We’re busy managing
A few years ago I was sent on a course to teach managers how to be leaders.
The content focussed on numerous ways of categorising staff, such as according to their motivation type or communication style. Although learning these techniques was interesting, and useful to varying degrees, I feel most of us came away disappointed. Did all the effort and investment transform us into great leaders? Frankly, the answer was no.
It wasn’t long ago that the word leader was confined to the highest echelons of political parties or movements. Leadership as a concept, and an ideal, has grown significantly in the past few decades. Yet our perception of who and what makes a great leader has changed little. A quick straw poll amongst your colleagues on ‘who is a great leader’ might get you answers like Ghandi, Lincoln, Churchill or Martin Luther King. Lofty ambitions for the mere mortal manager to live up to.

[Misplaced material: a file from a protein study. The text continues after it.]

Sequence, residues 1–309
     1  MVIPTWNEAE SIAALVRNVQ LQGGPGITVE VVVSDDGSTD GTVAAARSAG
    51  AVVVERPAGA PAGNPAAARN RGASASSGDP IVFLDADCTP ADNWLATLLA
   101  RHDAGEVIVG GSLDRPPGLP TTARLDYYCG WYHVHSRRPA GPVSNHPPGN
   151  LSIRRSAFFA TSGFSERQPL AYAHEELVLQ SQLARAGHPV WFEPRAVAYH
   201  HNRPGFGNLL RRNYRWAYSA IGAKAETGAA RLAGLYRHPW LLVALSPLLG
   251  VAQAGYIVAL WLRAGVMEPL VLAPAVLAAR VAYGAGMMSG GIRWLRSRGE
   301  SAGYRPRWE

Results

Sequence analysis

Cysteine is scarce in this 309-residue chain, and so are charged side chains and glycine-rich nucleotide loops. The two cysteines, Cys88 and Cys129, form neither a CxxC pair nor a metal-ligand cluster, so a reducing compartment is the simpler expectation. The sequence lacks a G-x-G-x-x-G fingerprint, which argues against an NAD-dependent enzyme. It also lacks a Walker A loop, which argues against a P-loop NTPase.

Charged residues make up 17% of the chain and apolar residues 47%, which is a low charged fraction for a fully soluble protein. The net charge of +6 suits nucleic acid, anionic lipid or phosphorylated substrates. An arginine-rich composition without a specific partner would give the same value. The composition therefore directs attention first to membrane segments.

Promoting leadership as a separate and higher entity merely perpetuates the myth that it’s something special and unobtainable that only the chosen few possess. From the practical perspective of the manager, leadership can appear more like a personality cult. A case of style over substance. No wonder we’re a bit confused when a course purporting to transform us into leaders doesn’t bestow us with great charisma or the ability to spout rallying speeches like the great leaders we’re supposed to be emulating.
If we want our managers to display leadership skills we need to get realistic. Managers want quick and ready solutions that help them in their daily work. For examples of great leaders, managers need to look closer to home, by translating leadership traits and skills to their context. Take for instance two big buzz words associated with leadership – inspiration and followers. These might be straightforward for an entrepreneur with big ideas, someone who staff choose to work with because of their vision and philosophy. This might not seem relevant to the “ordinary” manager, but what are motivation and engagement if not the management equivalents?
As for leadership in it’s purest form, that’s what we’ll be doing when we’re not busy managing.